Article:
Fez is an extremely challenging destination for travellers with impaired movement or sight. Its streets are steep, winding and extremely narrow in parts, with uneven cobbles and lots of debris. None of the available public transport is accessible to people in wheelchairs, though we have known of disabled travellers who have hired donkeys to carry them around the medina. Discuss this with your hotel.
Dangers & Annoyances
- It’s not really safe to walk on your own in the medina late at night, especially for women.
- Knife-point robberies are not unknown.
- Hotels and many restaurants are usually happy to provide an escort on request if you’re out late.
- Fez has long been notorious for its faux guides (unofficial guides) and carpet-shop hustlers, all after their slice of the tourist dirham.
Faux guides tend to congregate around Bab Bou Jeloud, the main western entrance to the medina, although crackdowns by the authorities have greatly reduced their numbers and hassle.
Even many official guides will suggest visitors turn their tour into a shopping trip, and the pressure to buy can be immense. Fez’ carpet sellers are masters of their game. If you really don’t want to buy, it might be best not to enter the shop at all: once the parade of beautiful rugs begins, even the hardest-minded of tourists can be convinced to buy something they didn’t really want (honeyed words suggesting that you could always sell the carpet later on eBay at vast profit should be treated with extreme scepticism). It’s also worth remembering that any time you enter a shop with a guide, the price of the goods immediately goes up to cover their commission. Shopping in Fez needn’t be a battle – indeed it’s best treated as a game – but it’s worth being prepared.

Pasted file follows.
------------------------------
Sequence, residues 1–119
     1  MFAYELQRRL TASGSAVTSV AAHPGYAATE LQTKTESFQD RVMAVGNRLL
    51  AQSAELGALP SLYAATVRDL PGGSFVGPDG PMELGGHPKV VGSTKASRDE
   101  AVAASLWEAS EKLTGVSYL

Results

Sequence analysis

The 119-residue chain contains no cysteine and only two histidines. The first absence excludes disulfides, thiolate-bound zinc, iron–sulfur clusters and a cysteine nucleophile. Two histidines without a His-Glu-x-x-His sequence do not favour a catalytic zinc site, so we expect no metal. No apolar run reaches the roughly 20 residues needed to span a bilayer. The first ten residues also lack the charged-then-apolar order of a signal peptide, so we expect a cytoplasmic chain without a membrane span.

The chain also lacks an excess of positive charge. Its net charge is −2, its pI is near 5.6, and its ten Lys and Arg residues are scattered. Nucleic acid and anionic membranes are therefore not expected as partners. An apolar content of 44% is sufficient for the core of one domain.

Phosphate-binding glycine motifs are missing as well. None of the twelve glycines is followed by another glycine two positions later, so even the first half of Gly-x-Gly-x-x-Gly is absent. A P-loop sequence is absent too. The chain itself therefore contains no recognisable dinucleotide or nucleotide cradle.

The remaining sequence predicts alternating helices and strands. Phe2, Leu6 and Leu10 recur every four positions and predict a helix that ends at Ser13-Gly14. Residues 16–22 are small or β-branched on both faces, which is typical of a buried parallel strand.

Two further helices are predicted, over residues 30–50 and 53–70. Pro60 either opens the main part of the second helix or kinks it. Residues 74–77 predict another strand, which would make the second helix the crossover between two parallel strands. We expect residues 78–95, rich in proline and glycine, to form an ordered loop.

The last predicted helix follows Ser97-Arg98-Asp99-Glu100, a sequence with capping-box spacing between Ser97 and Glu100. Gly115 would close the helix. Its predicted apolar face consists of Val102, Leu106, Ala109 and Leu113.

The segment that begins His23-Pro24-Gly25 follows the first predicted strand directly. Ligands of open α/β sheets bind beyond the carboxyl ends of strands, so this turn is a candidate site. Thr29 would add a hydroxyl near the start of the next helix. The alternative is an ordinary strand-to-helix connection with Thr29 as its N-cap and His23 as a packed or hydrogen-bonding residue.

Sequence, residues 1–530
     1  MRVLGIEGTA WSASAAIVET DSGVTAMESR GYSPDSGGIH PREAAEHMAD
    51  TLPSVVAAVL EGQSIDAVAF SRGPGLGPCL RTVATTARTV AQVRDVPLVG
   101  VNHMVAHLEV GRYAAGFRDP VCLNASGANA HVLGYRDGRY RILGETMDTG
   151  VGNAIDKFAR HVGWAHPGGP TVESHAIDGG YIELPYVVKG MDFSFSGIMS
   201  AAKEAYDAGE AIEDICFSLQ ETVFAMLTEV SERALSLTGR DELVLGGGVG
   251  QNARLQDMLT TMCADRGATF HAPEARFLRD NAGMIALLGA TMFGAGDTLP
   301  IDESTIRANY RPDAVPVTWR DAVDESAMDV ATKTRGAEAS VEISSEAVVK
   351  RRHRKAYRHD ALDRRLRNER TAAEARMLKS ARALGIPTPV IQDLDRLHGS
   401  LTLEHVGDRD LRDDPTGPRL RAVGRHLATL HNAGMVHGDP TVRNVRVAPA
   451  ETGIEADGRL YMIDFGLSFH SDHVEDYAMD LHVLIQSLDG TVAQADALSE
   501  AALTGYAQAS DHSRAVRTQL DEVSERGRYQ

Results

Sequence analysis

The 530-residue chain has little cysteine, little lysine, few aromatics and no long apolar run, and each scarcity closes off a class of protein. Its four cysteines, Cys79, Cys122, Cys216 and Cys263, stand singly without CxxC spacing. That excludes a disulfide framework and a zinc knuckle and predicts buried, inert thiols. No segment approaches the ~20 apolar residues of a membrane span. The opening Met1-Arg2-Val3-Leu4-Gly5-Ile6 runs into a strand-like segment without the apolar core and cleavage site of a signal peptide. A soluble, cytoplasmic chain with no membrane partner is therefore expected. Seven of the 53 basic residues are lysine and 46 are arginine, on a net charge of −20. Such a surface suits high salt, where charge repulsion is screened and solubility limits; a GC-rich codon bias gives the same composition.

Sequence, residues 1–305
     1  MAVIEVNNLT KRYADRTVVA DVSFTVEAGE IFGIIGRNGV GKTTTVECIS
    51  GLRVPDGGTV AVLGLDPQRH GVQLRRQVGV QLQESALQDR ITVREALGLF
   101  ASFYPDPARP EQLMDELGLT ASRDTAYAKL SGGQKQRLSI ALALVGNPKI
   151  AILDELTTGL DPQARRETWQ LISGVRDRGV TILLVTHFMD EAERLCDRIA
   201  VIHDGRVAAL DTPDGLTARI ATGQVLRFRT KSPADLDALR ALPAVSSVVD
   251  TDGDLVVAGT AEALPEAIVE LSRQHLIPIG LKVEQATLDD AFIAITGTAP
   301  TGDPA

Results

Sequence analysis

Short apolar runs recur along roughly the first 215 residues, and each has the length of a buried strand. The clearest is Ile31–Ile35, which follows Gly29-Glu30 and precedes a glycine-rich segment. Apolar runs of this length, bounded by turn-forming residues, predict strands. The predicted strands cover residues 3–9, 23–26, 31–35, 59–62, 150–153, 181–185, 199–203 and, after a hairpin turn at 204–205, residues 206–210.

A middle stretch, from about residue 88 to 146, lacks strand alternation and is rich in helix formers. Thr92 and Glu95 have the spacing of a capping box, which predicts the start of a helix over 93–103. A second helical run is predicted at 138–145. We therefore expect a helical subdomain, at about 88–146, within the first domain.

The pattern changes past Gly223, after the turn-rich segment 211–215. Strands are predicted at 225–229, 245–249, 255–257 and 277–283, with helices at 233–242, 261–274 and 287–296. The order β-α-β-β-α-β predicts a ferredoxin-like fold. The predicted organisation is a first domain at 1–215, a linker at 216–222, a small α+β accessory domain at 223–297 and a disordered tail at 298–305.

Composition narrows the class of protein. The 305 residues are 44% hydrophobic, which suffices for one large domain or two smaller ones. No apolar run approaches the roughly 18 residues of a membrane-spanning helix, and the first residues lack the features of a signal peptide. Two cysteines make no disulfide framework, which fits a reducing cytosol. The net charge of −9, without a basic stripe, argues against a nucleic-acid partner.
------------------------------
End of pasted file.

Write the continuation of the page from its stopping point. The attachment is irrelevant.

Beware the touts who board trains to Fez, often at Meknès. They can be very friendly, approaching you claiming to be students or teachers returning to Fez – they’ll often have ‘brothers’ who have hotels, carpet shops or similar.
Emergency & Important Numbers
|Ambulance & Fire||15|
Checking insurance quotes…
There are plenty of banks (with ATMs) in the Ville Nouvelle along Blvd Mohammed V. In the medina, there is an ATM at the Batha Post Office and at banks around Place R'cif. Other useful banks include the Banque Populaire on Talaa Seghira and Société Générale at Bab Bou Jeloud.
Tip waiters up to 10%; for taxis round up to the nearest dirham; and porters can be tipped Dh5 to Dh15 depending on how far they go.
New Years Day 1 January
Independence Manifesto 11 January
Labour Day 1 May
National Day (Amendment of the Constitution) 23 May
Throne Day 30 July
Oued Eddahab Allegiance Day 14 August
Revolution Day 20 August
King’s Birthday 21 August
Commemoration of the Green March 6 November
Independence Day 18 November
Taxes & Refunds
Morocco has three GSM mobile phone networks: Méditel, Maroc Telecom and Wana. You can purchase a prepaid Moroccan mobile phone or SIM card at any tabac (tobacconist and newsstand) or téléboutique (private telephone office) – competition between the companies is fierce so special deals are frequently on offer.
There is no tourist office in the medina. You can pick up a good-quality free map of Fez at Délégation Régionale de Tourisme and book official guides. Staff speak English.
Carlson Wagonlit is behind Central Market and is useful for flights and ferries.